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Florida Third DCA reverses summary judgment allowing judgment creditor to pierce corporate veil of judgment debtor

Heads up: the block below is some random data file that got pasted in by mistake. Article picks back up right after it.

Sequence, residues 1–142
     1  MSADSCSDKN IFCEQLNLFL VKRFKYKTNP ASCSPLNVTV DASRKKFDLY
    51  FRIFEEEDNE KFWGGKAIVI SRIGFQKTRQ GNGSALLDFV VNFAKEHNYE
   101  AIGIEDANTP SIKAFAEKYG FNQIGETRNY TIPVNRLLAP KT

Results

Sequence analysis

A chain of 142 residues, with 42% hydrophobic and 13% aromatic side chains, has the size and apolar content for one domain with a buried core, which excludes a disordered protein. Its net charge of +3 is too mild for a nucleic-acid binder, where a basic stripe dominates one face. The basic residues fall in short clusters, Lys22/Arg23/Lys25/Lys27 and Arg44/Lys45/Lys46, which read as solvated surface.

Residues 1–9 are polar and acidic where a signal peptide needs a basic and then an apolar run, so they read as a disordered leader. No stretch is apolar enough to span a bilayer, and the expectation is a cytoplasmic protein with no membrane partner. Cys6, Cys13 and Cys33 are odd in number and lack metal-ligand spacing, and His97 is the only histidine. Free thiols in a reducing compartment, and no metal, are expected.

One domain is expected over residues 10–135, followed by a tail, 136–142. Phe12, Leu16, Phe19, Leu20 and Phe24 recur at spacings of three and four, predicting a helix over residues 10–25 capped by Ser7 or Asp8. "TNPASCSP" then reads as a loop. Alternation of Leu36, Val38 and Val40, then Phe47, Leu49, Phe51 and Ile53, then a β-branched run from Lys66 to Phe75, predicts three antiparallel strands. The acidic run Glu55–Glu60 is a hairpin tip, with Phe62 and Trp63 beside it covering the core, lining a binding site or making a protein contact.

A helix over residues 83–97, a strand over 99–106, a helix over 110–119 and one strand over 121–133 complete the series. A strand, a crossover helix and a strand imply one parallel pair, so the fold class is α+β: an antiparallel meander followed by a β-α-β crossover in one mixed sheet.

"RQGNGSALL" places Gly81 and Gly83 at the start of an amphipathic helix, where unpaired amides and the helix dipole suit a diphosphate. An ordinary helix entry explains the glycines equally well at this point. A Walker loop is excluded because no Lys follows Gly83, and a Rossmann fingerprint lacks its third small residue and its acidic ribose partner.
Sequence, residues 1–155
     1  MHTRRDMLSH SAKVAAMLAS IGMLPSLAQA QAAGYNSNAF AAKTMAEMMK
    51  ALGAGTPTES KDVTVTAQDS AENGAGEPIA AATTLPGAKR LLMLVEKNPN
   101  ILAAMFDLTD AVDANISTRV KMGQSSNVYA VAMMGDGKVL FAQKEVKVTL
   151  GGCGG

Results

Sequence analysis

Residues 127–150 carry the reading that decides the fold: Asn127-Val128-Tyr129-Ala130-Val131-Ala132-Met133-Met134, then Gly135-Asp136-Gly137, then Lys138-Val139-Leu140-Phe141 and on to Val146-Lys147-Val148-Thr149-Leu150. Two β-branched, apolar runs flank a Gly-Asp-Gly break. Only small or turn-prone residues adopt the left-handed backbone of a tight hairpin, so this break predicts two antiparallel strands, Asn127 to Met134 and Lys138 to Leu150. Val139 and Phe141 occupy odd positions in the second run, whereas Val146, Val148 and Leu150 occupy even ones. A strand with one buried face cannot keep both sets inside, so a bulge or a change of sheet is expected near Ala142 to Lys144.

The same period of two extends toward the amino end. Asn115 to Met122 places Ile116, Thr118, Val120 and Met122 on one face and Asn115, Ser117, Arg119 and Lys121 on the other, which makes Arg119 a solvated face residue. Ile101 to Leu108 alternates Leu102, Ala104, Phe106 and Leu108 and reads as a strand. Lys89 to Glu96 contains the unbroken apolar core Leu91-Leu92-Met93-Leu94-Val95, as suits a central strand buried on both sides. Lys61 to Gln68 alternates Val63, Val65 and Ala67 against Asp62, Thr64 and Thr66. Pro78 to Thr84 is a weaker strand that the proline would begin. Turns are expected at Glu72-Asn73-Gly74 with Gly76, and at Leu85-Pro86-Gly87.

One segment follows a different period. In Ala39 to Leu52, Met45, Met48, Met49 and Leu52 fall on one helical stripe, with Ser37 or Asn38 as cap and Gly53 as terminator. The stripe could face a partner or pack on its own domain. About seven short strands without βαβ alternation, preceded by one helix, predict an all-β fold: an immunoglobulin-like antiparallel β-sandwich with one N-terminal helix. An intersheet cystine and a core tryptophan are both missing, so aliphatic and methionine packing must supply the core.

On June 2, 2021, in Segal v. Forastero, Inc., No. 3d21-89, the Florida Third DCA addressed the issue of whether the judgment creditor in a supplemental proceeding in aid of execution was entitled to pierce the corporate veil of the judgment debtor, a limited liability company, and hold the LLC’s sole owner and member personally liable for the $500,000 judgment obtained against the LLC. The original judgment had been obtained in a breach of contract case involving the attempted purchased by the LLC of a parcel of property in Coral Gables. After the LLC failed to make a $500,000 initial deposit for the property called for in the purchase contract, the seller sued and obtained the judgment, only to find in post-judgment discovery that LLC had no assets to satisfy the judgment. The seller claimed that the corporate veil should be pieced in this case because third-party discovery produced by the broker in the failed purchase allegedly revealed that the proof of funds for the purchase submitted by the LLC pledged its owners own personal monies/assets. However, the evidence submitted to the Court in the seller’s summary judgment motion was somewhat less clear, simply consisting of letters from a bank and from an accountant that had been sent to the seller attesting to the LLC owner’s wealth and personal income. The Third DCA stated that to obtain a summary judgment piercing the LLC’s corporate veil, so as to hold the owner personally liable for the judgment, the seller was required to establish the non-existence of any genuine issue of materialfact, and prove that, when the owner executed the real estate contract on behalf of the LLC: (i) he dominated and controlled the LLC to such an extent that the LLC had no existence independent of him, and the LLC was his mere instrumentality or alter-ego (ii) he used the LLC’s corporate form fraudulently or for an improper purpose; and (iii) his fraudulent or improper use of the LLC’s corporate form caused injury to the seller. The Court cited in support BEO Mgmt. Corp. v. Horta, 45 Fla. L. Weekly D2576, 2020 WL 6751313 at *2 (Fla. 3d DCA Nov. 18, 2020); WH Smith, PLC v. Benages& Assocs., Inc., 51 So. 3d 577, 581 (Fla. 3d DCA 2010); and Gasparini v. Pordomingo, 972 So. 2d 1053, 1055 (Fla. 3d DCA 2008). The Third DCA distinguished this case from other cases in which companies had been determined to be mere instrumentalities, noting that the LLC had in the past purchased and managed real property, filed yearly tax returns and had a bank account. The Third DCA also rejected the argument that the LLC owner had pledged his personal assets, noting that this only could have been done legally under the statute of frauds through an agreement signed by the owner and that no such document existed. The Third DCA concluded that the trial court erred in determining that, as a matter of law, the evidence submitted below was sufficient to pierce the LLC’s corporate veil so that owner would be personally liable for the judgment the seller obtained against the LLC and remanded for further proceedings.